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CUNA NCUA credit-rating changes could harm CUs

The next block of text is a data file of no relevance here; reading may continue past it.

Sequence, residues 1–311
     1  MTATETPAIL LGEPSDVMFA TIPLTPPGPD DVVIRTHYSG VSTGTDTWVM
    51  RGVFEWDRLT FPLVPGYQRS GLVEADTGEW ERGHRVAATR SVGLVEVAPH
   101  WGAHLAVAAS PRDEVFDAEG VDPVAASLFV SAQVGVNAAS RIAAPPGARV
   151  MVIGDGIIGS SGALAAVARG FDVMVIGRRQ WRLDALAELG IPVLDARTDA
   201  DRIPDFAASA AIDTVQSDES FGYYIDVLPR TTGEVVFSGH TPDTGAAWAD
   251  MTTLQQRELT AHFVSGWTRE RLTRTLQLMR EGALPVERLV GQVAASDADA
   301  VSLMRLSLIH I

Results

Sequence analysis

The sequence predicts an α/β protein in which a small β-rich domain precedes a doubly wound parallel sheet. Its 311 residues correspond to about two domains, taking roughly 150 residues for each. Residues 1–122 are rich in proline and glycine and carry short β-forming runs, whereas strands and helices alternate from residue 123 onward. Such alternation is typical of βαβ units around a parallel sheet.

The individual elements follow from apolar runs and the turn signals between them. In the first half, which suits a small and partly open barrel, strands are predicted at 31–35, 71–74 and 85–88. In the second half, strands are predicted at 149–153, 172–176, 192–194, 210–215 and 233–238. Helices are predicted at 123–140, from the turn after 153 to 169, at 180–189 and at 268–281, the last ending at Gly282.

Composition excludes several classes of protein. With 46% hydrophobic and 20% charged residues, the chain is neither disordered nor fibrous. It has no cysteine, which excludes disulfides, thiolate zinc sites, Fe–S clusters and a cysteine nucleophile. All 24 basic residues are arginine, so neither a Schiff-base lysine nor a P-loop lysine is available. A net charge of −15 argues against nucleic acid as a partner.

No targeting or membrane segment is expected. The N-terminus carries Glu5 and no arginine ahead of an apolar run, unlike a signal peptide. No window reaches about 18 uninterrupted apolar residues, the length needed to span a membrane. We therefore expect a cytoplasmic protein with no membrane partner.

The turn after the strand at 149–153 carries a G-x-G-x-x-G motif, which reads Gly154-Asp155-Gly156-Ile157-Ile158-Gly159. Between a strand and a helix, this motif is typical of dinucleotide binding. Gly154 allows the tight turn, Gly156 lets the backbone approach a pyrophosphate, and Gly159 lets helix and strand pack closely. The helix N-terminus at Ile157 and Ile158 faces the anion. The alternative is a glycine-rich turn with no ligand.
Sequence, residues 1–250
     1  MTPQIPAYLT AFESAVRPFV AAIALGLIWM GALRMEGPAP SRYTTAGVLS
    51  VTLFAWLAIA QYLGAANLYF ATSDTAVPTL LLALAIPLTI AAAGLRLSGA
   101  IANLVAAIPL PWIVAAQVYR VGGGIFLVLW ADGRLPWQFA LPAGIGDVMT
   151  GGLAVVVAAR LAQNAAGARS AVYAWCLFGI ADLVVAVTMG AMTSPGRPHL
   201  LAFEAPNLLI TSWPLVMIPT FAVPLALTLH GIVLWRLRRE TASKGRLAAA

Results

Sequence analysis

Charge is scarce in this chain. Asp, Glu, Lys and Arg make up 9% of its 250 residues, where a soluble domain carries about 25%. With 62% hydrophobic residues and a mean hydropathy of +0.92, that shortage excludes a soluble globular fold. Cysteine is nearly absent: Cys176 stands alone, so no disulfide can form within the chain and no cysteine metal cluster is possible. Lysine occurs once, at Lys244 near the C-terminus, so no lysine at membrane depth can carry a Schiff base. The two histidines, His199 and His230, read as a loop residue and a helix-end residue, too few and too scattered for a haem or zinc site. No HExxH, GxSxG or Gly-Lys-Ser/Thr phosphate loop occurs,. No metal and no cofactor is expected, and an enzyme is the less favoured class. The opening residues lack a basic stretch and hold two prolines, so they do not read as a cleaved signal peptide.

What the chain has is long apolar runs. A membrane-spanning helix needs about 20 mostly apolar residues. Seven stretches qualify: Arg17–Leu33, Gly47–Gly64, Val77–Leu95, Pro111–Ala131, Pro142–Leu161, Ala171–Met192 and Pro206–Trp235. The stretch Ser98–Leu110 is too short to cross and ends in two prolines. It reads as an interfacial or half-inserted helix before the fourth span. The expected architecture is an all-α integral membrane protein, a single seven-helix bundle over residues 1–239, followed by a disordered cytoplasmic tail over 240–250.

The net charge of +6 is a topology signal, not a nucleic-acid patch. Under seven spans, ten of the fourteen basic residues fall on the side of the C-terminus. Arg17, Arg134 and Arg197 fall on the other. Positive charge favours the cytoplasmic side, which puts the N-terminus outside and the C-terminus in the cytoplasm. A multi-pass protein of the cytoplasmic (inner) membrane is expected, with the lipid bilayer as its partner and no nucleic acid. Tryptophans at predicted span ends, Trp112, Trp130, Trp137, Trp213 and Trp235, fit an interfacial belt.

WASHINGTON (5/4/11)--The Credit Union National Association (CUNA) has said it is concerned with the potential unintended effects of the National Credit Union Administration’s (NCUA) proposal to completely prohibit credit unions from relying on credit ratings to assess credit risk. CUNA in a recent comment letter said that the Dodd-Frank Act “does not require that regulators preclude the institutions they oversee from relying on credit ratings.” Credit ratings “can be useful to credit unions as part of a comprehensive approach to assessing credit risk,” the letter adds. CUNA has urged the NCUA to consider permitting credit unions to rely on credit ratings “as long as the credit union also conducts further reasonable and appropriate due diligence.” The Dodd-Frank Act requires federal financial regulators to replace references to or requirements in their regulations regarding credit ratings with new standards of creditworthiness as established by each agency. The NCUA’s suggested method for replacing these ratings may create issues for credit unions, CUNA noted. The NCUA has proposed replacing the current requirement that a security be assigned a specific grade (such as AA, A, or BB) to be a permissible investment, with the requirement that the security satisfy a narrative standard on credit quality. The narrative must generally include an internal analysis of the issuer of a given security, with a statement showing that the credit union considers the security provider to be capable of meeting its financial commitments. CUNA said that the subjective nature of the NCUA’s proposed narrative standard “may cause confusion as to whether the standard has been met.” CUNA also suggested that the NCUA provide additional supervisory guidance on the indicators that support a determination that an issuer has the capacity needed to meet its financial commitments before the rule goes final. Further, CUNA’s letter stated that CUNA does not believe “credit unions or their advocacy organizations can fully assess the implications of these provisions and provide meaningful comments beyond superficial reactions without being able to review the guidance on these issues that NCUA has indicated it will develop.” The guidance should also be open to comment from the public. For the full CUNA comment letter, use the resource link. The National Association of State Credit Union Supervisors (NASCUS) has also commented on the NCUA proposal, encouraging the agency to clarify the proposal’s treatment of municipal securities. NASCUS in a release noted that the proposed municipal security concentration limits “raises several concerns” for federally insure state credit unions “and the application of non-conforming investment reserve requirements. “If NCUA chooses to expand the municipal security concentration limits to state-chartered credit unions for reserving, NCUA should consider the potential utility of such holdings to state-chartered credit unions, including the tax status and low level of risk,” NASCUS Said.
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